COVID-19 and Social Distancing: Disparities in Mobility Adaptation between Income Groups

Iio, Kentaro, Xiaoyu Guo, Kelly Rees, and Xiubin Bruce Wang. 'COVID-19 and Social Distancing: Disparities in Mobility Adaptation between Income Groups.' Transportation Research Interdisciplinary Perspectives (2021): 100333. https://doi.org/10.1016/j.trip.2021.100333

13 Pages Posted: 25 Nov 2020 Last revised: 15 Mar 2021

See all articles by Kentaro Iio

Kentaro Iio

Traf-IQ, Inc.

Xiaoyu Guo

Texas A&M University - Zachry Department of Civil & Environmental Engineering

Xiaoqiang Kong

Texas A&M University - Zachry Department of Civil & Environmental Engineering

Kelly Rees

Independent

Xiubin Wang

Texas A&M University - Zachry Department of Civil & Environmental Engineering

Date Written: November 23, 2020

Abstract

In response to the coronavirus disease 2019 (COVID-19) pandemic, governments have encouraged and ordered citizens to practice social distancing, particularly by working and studying at home. Intuitively, only a subset of people have the ability to practice remote work. However, there has been little research on the disparity of mobility adaptation across different income groups in US cities during the pandemic. The authors worked to fill this gap by quantifying the impacts of the pandemic on human mobility by income in Greater Houston, Texas. We determined human mobility using pseudonymized, spatially disaggregated cell phone location data. A longitudinal study across estimated income groups was conducted by measuring the total travel distance, radius of gyration, number of visited locations, and per-trip distance in April 2020 compared to the data in a baseline. An apparent disparity in mobility was found across estimated income groups. In particular, there was a strong negative correlation (ρ = -0.90) between a traveler’s estimated income and travel distance in April. Disparities in mobility adaptability were further shown since those in higher income brackets experienced larger percentage drops in the radius of gyration and the number of distinct visited locations than did those in lower income brackets. The findings of this study suggest a need to understand the reasons behind the mobility inflexibility among low-income populations during the pandemic. The study illuminates an equity issue which may be of interest to policy makers and researchers alike in the wake of an epidemic.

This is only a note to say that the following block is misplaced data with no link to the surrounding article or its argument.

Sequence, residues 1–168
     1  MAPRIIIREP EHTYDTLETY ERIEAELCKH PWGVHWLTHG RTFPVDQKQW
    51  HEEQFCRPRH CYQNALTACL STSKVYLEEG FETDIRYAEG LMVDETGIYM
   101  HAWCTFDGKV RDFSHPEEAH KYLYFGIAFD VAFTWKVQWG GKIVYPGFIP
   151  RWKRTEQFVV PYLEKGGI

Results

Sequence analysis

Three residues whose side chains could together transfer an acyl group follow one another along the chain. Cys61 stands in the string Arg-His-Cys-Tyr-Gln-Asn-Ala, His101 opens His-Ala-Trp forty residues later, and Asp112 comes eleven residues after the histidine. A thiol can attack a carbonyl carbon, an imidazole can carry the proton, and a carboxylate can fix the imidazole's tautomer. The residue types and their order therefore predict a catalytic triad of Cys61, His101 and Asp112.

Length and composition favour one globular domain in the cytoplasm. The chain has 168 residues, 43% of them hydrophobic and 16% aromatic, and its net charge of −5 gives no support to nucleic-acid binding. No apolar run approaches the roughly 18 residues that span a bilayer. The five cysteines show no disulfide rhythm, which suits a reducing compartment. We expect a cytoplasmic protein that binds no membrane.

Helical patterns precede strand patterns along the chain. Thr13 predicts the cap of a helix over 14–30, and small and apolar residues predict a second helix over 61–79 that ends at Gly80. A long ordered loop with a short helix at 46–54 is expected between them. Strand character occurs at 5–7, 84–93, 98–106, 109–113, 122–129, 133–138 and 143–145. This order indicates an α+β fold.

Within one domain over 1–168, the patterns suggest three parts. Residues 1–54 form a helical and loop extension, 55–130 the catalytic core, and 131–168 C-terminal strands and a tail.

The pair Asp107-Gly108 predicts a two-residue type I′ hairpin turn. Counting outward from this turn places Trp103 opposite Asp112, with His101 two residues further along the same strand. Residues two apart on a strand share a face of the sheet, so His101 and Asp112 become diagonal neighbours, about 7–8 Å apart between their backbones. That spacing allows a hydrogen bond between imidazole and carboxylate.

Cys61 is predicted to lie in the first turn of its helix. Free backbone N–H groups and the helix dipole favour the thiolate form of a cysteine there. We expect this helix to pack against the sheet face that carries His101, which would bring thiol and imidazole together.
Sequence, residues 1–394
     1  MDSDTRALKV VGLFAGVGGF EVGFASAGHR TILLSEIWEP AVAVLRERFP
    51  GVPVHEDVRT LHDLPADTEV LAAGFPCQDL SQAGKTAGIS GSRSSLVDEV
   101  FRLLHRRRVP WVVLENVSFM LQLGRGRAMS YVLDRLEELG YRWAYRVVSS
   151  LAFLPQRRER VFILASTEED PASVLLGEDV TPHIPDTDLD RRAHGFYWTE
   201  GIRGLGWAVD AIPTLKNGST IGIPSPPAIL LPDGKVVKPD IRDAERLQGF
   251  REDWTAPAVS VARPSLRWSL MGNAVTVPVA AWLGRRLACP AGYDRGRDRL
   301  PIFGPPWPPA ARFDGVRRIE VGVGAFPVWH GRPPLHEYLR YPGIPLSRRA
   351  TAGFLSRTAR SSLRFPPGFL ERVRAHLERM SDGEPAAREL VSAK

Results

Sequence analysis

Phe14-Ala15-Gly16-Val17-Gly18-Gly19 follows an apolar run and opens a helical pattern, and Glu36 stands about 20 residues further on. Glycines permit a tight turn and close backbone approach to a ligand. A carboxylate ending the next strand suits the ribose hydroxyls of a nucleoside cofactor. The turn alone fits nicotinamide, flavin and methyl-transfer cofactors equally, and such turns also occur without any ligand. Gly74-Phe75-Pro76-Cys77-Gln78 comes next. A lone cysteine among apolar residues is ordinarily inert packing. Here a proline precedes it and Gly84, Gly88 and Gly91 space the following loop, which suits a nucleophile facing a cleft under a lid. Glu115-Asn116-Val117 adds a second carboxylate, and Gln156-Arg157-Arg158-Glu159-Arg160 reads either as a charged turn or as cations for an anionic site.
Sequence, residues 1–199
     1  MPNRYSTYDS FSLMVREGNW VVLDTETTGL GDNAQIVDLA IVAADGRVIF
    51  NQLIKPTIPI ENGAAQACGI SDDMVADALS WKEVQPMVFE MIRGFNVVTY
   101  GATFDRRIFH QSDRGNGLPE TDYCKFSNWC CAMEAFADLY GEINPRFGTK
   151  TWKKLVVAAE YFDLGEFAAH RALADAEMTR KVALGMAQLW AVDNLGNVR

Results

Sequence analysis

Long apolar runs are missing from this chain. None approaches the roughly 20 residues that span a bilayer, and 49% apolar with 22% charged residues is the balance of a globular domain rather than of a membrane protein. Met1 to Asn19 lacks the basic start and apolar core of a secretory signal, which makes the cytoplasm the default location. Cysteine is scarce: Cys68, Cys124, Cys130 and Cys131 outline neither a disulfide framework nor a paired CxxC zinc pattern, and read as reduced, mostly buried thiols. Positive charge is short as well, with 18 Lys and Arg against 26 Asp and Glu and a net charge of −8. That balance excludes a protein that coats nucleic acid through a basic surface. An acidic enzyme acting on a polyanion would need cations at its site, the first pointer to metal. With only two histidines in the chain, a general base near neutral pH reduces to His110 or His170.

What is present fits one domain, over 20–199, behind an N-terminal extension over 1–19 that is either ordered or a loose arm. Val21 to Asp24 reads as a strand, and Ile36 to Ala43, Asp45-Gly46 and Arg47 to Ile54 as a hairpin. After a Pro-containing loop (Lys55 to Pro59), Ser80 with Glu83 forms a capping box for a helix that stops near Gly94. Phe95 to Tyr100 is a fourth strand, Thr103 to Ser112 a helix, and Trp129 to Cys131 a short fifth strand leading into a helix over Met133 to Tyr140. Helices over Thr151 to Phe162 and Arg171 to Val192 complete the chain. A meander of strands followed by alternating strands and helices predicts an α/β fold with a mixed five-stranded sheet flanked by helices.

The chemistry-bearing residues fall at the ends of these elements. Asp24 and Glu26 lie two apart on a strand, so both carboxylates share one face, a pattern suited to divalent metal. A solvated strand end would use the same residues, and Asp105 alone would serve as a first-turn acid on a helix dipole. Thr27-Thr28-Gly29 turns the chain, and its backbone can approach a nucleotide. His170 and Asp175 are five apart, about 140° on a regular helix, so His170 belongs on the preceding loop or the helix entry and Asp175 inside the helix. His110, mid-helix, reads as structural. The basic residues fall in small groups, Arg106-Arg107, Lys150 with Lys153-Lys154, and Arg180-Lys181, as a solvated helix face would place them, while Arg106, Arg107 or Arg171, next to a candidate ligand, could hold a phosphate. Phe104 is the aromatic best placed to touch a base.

Keywords: COVID-19, SARS-CoV-2, coronavirus, social distancing, mobility, economic disparity, equity, travel behavior

JEL Classification: I00, I1, I12, I14, I18, I32, R12, R40, R49

Suggested Citation

Iio, Kentaro and Guo, Xiaoyu and Kong, Xiaoqiang and Rees, Kelly and Wang, Xiubin, COVID-19 and Social Distancing: Disparities in Mobility Adaptation between Income Groups (November 23, 2020). Iio, Kentaro, Xiaoyu Guo, Kelly Rees, and Xiubin Bruce Wang. 'COVID-19 and Social Distancing: Disparities in Mobility Adaptation between Income Groups.' Transportation Research Interdisciplinary Perspectives (2021): 100333. https://doi.org/10.1016/j.trip.2021.100333, Available at SSRN: https://ssrn.com/abstract=3735290 or http://dx.doi.org/10.2139/ssrn.3735290

Kentaro Iio (Contact Author)

Traf-IQ, Inc. ( email )

14811 St. Mary’s Lane
Suite 180
Houston, TX 77079
United States

Xiaoyu Guo

Texas A&M University - Zachry Department of Civil & Environmental Engineering ( email )

3136 TAMU
College Station, TX 77843-3136
United States

Xiaoqiang Kong

Texas A&M University - Zachry Department of Civil & Environmental Engineering ( email )

3136 TAMU
College Station, TX 77843-3136
United States

Kelly Rees

Independent ( email )

Xiubin Wang

Texas A&M University - Zachry Department of Civil & Environmental Engineering ( email )

3136 TAMU
College Station, TX 77843-3136
United States

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